Make the most of culinary herbs and spices.

All About Arugula

by Sandra Bowens

Photo courtesy of the National Gardening Bureau.org.

 

Arugula has as many names as it does culinary applications. It's also known as rocket, rugula, roquette and rucola. You might toss the petite greens into salads or soups, pastas or poultry but you simply must give arugula a try.

 

The leaves of this Mediterranean annual are shaped rather like an oak leaf with hints of red in the veins. The taste is nutty and peppery at the same time. It's a pleasant sharp flavor often combined with raw ingredients but is equally tasty in cooked dishes.

 

Arugula is a common component of the popular "field greens" lettuce mix, mesclun. Because of the pungent flavor, some prefer to mix it with milder greens. This nutty leaf is excellent on sandwiches or added to pizza just as you pull it from the oven. Try folding arugula into an omelet with some Fontina cheese and tomato for a real breakfast treat.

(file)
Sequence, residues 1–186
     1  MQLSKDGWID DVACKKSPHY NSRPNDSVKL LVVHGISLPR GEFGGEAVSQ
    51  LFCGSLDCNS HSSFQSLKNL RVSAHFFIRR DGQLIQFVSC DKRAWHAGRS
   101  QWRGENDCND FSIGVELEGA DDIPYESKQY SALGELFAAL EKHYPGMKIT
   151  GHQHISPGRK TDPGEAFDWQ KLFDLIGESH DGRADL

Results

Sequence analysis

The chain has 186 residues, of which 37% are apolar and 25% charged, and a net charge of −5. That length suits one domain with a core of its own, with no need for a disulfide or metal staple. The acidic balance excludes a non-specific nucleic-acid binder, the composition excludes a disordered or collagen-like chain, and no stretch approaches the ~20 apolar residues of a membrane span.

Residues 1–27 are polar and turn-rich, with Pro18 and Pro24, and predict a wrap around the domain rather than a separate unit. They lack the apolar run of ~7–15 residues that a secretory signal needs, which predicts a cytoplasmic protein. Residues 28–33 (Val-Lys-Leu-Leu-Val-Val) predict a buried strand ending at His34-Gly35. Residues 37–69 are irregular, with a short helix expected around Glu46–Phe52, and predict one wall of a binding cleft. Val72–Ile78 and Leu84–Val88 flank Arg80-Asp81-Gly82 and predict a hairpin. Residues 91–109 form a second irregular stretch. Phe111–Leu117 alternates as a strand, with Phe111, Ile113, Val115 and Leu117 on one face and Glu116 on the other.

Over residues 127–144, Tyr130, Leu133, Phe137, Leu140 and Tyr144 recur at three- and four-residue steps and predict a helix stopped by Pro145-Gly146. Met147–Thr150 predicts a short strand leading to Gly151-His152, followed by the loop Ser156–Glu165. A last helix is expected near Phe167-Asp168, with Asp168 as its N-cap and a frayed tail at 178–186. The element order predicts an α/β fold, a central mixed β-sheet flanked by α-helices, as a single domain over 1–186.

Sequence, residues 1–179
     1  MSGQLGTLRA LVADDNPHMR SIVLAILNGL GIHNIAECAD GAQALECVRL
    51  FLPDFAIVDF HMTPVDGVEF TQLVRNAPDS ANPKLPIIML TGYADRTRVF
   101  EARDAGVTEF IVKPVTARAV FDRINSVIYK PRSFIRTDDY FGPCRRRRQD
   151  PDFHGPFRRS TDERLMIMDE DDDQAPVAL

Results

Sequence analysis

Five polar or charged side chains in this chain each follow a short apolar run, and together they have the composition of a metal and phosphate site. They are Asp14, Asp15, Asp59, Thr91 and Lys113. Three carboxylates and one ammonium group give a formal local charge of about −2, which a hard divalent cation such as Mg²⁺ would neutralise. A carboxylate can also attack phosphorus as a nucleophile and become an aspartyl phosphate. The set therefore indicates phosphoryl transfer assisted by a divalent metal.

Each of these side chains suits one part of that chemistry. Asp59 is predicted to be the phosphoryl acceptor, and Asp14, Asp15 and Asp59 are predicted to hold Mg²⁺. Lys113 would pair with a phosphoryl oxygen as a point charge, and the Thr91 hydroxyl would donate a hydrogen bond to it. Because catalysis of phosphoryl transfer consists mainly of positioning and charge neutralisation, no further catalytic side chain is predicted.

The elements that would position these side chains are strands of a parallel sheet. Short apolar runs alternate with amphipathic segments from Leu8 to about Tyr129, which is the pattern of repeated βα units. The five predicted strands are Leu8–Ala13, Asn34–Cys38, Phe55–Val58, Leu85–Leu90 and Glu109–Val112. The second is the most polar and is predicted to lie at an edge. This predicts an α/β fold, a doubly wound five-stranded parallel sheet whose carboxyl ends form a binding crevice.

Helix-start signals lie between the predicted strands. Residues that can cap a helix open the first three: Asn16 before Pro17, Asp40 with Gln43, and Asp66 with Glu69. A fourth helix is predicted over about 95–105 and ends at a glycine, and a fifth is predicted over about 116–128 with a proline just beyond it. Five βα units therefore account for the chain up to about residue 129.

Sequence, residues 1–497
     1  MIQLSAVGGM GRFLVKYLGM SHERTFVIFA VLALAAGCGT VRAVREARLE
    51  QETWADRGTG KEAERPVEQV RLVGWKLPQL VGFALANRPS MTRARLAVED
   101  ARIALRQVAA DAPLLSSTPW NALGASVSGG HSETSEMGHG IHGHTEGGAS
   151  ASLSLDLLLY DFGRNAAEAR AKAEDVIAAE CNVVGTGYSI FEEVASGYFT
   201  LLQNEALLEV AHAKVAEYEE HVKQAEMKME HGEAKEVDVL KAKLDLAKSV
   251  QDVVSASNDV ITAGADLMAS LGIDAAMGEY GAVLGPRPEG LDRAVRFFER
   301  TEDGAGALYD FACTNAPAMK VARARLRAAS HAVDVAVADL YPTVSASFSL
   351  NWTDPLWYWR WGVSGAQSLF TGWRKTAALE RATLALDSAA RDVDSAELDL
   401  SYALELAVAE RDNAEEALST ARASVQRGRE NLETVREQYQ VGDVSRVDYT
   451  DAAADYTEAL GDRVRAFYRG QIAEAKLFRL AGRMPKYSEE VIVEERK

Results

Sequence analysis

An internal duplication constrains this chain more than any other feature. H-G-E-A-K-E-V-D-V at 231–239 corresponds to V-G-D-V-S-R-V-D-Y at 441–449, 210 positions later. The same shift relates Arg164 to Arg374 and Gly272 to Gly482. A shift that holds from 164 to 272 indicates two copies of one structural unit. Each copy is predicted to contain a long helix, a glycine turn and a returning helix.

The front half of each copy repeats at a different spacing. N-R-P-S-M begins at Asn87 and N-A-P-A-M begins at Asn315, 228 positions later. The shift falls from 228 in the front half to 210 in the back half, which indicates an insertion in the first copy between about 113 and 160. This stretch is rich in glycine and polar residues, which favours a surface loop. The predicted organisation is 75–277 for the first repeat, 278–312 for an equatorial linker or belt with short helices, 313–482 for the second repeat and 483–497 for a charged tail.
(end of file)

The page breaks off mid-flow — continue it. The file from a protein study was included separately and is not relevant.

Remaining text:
You will sometimes find it with other packaged herbs at the supermarket, but arugula is quite easy to grow in a pot on your patio. It's a member of the mustard family so it is a hardy, fast growing plant.

 

Arugula languishes a bit in the heat of summer so cool weather is best for growing. Keep it well watered with a good dose of sunshine daily. For a constant harvest, plant seeds at 20-day intervals. You can pinch the leaves or pluck the whole plant when it comes time to use your arugula in the kitchen. Smaller leaves are more mild but if you let it go long enough to flower the tiny white buds will enhance any salad.

 

Arugula symbolizes deceit. Perhaps even the Ancient Romans who gathered it wondered how something that tasted so good could also be good for you. But don't be deceived, arugula is high in Vitamins A and C with only 2 calories per half cup.

 

 

Quick Garbanzo Bean Toss

 

1 can (15 ounces) garbanzo beans, drained and rinsed

1/2 cup roasted red pepper strips, drained on paper toweling

1 cup packed arugula leaves, torn into bits if large

1/4 cup creamy bottled dressing, more or less to taste

Plenty of freshly ground black pepper

 

Combine ingredients and serve at room temperature.

 

Makes 2-4 servings.

 

 

Here's one that's full of our favorite recipes because we wrote the book! It is also full of information, helpful hints and ideas for using herbs and spices in your kitchen.

 Learn herb gardening from the ground up, literally, with the help of a knowledgeable teacher and gardener.

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